Permanent alopecia in patients with breast cancer after taxane chemotherapy and adjuvant hormonal therapy: Clinicopathologic findings in a cohort of 10 patients

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Anagen effluvium with reversible scalp alopecia is a known side effect of chemotherapy. However, there are an increasing number of reports in the literature documenting permanent alopecia in patients treated with taxanes.


We sought to describe the clinicopathologic features in breast cancer patients who underwent treatment with taxanes and adjuvant hormonal chemotherapy.


We reviewed the clinical and histopathologic information of a cohort of 10 patients treated with taxanes and adjuvant hormonal chemotherapy.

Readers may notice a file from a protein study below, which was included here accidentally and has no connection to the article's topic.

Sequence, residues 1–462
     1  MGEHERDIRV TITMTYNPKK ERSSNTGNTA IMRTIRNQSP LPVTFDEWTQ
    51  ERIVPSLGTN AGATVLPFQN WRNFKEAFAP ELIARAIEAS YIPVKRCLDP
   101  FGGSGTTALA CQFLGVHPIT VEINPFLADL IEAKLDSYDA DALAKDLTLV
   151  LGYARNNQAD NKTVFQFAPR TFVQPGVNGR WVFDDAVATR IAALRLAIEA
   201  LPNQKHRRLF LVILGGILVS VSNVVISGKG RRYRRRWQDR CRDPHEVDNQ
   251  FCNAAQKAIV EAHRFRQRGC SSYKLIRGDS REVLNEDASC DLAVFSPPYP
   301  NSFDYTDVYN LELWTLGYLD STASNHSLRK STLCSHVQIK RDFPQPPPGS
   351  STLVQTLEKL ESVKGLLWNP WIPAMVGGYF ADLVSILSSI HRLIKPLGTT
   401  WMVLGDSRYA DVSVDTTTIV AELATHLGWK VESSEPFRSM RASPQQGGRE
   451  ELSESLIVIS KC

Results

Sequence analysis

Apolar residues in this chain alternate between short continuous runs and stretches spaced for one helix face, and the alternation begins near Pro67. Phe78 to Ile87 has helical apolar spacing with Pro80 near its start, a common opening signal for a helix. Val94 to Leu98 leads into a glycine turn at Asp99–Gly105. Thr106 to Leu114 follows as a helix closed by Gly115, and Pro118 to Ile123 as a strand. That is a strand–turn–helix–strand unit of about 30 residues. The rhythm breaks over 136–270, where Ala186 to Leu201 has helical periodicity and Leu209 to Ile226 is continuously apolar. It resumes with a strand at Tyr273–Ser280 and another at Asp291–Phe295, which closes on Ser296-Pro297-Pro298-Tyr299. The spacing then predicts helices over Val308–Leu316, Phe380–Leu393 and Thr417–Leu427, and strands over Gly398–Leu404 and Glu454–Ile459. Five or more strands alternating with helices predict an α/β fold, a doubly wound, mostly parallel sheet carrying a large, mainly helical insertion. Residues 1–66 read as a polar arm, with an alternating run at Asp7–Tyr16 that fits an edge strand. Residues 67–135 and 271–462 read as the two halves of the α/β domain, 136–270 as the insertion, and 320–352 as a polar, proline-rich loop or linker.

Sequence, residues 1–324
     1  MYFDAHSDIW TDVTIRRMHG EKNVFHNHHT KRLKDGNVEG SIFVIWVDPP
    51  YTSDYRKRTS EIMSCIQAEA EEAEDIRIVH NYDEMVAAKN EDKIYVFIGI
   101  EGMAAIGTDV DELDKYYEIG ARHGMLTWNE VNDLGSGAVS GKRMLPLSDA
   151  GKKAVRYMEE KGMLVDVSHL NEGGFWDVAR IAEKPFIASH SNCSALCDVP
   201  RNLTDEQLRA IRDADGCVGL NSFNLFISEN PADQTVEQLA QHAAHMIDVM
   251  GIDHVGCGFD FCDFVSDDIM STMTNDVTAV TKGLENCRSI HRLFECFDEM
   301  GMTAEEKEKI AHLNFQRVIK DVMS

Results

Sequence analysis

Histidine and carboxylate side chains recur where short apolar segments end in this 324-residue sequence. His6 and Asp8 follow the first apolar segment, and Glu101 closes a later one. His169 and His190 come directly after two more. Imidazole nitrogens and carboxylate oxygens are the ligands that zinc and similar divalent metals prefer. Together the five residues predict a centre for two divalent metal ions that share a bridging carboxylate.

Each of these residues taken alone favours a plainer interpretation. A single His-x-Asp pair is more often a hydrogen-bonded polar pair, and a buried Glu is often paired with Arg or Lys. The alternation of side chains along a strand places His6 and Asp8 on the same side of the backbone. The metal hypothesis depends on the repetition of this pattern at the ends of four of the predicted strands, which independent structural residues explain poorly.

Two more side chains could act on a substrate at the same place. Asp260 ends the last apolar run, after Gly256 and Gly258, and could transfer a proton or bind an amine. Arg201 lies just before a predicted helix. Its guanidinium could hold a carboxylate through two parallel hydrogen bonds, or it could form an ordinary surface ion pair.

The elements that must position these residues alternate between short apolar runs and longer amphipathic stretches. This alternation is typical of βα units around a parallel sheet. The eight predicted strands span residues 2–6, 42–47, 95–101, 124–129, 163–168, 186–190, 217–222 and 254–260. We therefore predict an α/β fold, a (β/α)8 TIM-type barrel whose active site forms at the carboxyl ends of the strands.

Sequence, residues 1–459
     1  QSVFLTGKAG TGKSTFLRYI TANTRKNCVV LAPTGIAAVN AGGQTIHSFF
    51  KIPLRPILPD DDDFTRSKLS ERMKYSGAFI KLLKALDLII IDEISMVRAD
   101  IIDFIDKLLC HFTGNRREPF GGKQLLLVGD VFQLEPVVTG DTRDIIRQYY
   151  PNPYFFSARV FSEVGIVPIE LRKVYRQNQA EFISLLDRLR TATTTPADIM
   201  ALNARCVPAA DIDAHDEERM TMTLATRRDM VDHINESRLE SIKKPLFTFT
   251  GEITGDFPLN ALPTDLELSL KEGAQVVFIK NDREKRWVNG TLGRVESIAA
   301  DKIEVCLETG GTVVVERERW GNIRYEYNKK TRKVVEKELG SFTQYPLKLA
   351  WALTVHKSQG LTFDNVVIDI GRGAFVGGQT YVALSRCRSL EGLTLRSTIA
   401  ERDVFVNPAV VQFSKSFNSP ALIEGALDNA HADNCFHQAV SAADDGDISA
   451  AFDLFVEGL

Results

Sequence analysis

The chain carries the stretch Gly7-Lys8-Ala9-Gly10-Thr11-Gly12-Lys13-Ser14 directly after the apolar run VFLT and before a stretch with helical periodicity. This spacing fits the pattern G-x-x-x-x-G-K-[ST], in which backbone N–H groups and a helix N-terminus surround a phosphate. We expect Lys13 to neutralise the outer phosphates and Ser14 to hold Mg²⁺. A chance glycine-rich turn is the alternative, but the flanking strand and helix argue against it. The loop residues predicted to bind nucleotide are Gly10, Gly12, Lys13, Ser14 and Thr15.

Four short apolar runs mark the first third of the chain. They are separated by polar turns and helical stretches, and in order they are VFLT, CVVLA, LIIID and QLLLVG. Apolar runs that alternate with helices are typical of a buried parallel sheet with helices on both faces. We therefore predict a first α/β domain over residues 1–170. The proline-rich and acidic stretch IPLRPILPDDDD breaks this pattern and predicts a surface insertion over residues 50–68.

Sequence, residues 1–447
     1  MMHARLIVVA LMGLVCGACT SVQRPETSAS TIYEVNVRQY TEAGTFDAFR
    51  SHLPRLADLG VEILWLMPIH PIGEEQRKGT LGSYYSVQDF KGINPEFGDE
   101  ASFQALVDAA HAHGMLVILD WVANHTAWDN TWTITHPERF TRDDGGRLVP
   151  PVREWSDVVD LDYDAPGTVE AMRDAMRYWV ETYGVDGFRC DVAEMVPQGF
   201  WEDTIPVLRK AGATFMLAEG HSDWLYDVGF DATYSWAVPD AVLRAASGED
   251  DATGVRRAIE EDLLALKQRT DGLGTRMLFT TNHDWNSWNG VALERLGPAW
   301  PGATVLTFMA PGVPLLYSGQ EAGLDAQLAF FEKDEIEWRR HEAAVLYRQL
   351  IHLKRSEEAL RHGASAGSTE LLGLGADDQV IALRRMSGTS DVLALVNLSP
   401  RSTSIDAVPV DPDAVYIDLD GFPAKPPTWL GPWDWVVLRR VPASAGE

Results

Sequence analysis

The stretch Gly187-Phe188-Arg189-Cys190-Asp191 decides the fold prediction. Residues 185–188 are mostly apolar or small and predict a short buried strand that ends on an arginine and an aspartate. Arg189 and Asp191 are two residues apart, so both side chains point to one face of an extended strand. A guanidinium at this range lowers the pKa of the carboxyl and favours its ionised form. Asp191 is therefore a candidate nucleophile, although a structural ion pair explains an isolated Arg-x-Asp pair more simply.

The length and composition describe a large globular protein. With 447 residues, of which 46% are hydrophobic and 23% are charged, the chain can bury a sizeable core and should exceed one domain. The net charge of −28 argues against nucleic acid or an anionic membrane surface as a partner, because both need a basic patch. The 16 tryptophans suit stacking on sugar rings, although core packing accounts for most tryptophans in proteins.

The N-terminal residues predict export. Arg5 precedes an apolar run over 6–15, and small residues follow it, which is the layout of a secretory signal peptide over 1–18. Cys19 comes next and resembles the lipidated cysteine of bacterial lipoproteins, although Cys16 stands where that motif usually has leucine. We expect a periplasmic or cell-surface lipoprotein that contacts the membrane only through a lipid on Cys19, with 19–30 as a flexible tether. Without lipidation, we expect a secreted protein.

We have observed 3 types of clinical patterns of alopecia (types A, B, and C), and have validated the histopathologic features showing alopecia areata–like and female pattern hair loss.


The study was based on a small sample size and retrospective retrieval of clinical information and histopathologic review of posttreatment slides.


We hypothesize a clinicopathologic model of hair follicle cycle disruption in response to the chemoinflammatory and hormonal insults to the hair follicles resulting in permanent alopecia. Clinicopathologic correlation is paramount to the understanding of the morphobiologic pathways in chemotherapy-induced alopecia caused by taxanes and adjuvant hormonal treatment.

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